In the April 24th newsletter, I stated that stocks were throwing off conflicting signals. Finding few higher-probability trade setups, I suggested it was time to “take profits, buy protection, consider shorts and other bearish trades, and enter only smaller new positions.”
The S&P 500 opened that morning at the previous day’s close, but within the first hour began selling off. This was the start of a 5-day, 3.6% pullback.
On Monday of this week (in the June 14th newsletter), I said “I’m just not finding a lot to work with right now. Many stocks appear overbought, but are not offering the right setups for bearish trades.”
The S&P did eek out a 1.3% gain through Tuesday, but statements by the Fed on Wednesday gave the market exactly the excuse it had been looking for to take profits. The S&P has since logged a straight down 3.4% decline.
I’ve noticed over the years that when it suddenly seems hard to find any of the normal setups I look for, a sudden change in market direction is often right around the corner. I’ve learned not to force trades, because I’m not the only smart person in the Universe. If something is becoming obvious to me by either its presence or absence, it is likely becoming obvious to thousands of other traders.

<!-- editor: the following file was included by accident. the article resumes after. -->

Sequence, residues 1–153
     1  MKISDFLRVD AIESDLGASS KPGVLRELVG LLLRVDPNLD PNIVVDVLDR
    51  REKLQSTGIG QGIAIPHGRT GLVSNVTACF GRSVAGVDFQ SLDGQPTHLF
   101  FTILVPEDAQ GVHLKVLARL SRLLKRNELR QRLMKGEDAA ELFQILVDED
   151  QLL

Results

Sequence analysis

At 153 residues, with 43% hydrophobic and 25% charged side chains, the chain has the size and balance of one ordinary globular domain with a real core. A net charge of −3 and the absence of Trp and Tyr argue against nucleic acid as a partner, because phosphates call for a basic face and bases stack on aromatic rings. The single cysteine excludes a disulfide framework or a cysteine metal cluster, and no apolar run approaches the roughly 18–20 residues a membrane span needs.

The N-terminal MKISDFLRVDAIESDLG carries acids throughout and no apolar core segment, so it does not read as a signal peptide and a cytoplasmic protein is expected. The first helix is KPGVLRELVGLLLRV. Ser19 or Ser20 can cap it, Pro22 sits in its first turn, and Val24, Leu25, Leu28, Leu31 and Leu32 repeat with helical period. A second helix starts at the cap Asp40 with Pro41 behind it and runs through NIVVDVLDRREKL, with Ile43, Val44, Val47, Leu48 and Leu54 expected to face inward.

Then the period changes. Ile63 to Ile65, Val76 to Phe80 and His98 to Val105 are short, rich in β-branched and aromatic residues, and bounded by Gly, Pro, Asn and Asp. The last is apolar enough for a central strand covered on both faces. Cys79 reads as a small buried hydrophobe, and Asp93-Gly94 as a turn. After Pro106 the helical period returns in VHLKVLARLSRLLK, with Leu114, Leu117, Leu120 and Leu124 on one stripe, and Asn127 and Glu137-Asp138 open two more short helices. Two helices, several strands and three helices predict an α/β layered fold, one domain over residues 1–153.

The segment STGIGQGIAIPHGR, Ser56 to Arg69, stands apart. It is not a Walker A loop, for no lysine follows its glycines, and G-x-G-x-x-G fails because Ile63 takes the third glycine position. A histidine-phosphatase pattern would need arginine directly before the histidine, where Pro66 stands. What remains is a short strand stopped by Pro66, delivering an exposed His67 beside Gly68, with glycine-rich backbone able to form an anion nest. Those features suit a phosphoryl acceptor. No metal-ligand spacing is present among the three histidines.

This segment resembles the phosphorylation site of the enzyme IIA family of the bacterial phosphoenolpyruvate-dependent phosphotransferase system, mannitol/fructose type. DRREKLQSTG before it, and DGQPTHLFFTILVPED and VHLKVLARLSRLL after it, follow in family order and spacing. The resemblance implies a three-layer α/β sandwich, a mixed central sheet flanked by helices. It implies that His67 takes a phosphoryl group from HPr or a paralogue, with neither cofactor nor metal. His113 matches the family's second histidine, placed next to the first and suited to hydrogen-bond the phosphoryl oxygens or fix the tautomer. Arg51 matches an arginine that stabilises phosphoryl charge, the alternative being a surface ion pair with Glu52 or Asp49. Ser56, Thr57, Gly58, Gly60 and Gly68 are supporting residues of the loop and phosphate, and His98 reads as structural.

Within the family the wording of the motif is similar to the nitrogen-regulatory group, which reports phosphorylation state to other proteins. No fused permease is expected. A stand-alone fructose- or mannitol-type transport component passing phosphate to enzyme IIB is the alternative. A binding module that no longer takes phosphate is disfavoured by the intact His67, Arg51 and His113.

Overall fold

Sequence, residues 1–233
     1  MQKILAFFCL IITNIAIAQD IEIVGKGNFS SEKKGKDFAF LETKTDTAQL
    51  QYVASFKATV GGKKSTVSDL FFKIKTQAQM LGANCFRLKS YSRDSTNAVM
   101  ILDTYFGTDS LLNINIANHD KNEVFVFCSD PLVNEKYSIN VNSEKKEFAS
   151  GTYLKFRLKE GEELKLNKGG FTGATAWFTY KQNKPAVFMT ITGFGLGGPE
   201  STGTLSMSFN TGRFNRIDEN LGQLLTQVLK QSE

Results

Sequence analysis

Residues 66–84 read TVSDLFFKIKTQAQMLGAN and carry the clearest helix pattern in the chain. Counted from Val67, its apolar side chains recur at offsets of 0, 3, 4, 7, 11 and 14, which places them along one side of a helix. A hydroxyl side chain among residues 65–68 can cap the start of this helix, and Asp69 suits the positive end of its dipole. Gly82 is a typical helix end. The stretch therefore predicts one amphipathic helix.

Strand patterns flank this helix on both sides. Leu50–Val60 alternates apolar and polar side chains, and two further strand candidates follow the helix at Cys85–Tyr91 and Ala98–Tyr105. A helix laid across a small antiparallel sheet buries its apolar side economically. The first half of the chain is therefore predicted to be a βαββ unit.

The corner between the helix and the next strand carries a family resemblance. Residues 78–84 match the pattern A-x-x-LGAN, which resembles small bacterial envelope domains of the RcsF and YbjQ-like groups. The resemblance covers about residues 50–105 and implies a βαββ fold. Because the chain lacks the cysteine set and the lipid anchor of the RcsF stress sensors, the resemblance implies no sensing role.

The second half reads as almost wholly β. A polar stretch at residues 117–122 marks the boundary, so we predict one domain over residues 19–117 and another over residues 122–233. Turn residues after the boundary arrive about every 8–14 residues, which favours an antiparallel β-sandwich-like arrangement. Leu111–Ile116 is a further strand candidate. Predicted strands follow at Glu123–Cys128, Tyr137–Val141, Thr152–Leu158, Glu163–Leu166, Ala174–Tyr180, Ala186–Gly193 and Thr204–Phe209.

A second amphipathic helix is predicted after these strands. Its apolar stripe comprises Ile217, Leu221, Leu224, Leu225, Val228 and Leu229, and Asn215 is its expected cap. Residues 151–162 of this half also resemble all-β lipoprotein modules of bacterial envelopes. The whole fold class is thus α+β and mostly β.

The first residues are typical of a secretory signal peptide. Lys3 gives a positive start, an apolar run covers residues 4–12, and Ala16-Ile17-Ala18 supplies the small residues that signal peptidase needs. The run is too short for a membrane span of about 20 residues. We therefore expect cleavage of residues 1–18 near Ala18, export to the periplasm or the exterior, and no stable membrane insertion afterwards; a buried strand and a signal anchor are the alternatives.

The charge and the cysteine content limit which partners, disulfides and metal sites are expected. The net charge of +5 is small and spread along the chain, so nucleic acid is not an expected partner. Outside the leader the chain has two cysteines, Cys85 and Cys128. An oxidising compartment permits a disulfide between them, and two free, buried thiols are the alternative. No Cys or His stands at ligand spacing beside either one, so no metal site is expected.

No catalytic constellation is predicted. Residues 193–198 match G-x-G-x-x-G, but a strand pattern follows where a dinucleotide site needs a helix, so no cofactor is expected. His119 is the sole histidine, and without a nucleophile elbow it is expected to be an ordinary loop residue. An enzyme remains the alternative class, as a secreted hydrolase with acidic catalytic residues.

Successful trading is not just knowing how to find and manage trades, it is also about listening to your common sense and intuition. One of the hardest techniques for traders to master is the ‘non-participation’ strategy, also known as the ‘sit on your hands’ strategy.
When you find yourself looking hard for justifiable trade candidates, consider instead spending your time booking a weekend at a Bed & Breakfast in an interesting location. It will probably cost much less than what you would have lost on a forced trade, and you will sleep better. And the smell of freshly baked blueberry muffins will make you forget all about spread trades and stop-losses.
Of course, there’s much more you need to know and many more stocks you can capitalize upon each and every day. To find out more, type in www.markettamer.com/seasonal-forecaster
By Gregg Harris, MarketTamer Chief Technical Strategist
Copyright (C) 2013 Stock & Options Training LLC
Unless indicated otherwise, at the time of this writing, the author has no positions in any of the above-mentioned securities.
Gregg Harris is the Chief Technical Strategist at MarketTamer.com with extensive experience in the financial sector.
Gregg started out as an Engineer and brings a rigorous thinking to his financial research. Gregg’s passion for finance resulted in the creation of a real-time quote system and his work has been featured nationally in publications, such as the Investment Guide magazine.
As an avid researcher, Gregg concentrates on leveraging what institutional and big money players are doing to move the market and create seasonal trend patterns. Using custom research tools, Gregg identifies stocks that are optimal for stock and options traders to exploit these trends and find the tailwinds that can propel stocks to levels that are hidden to the average trader.
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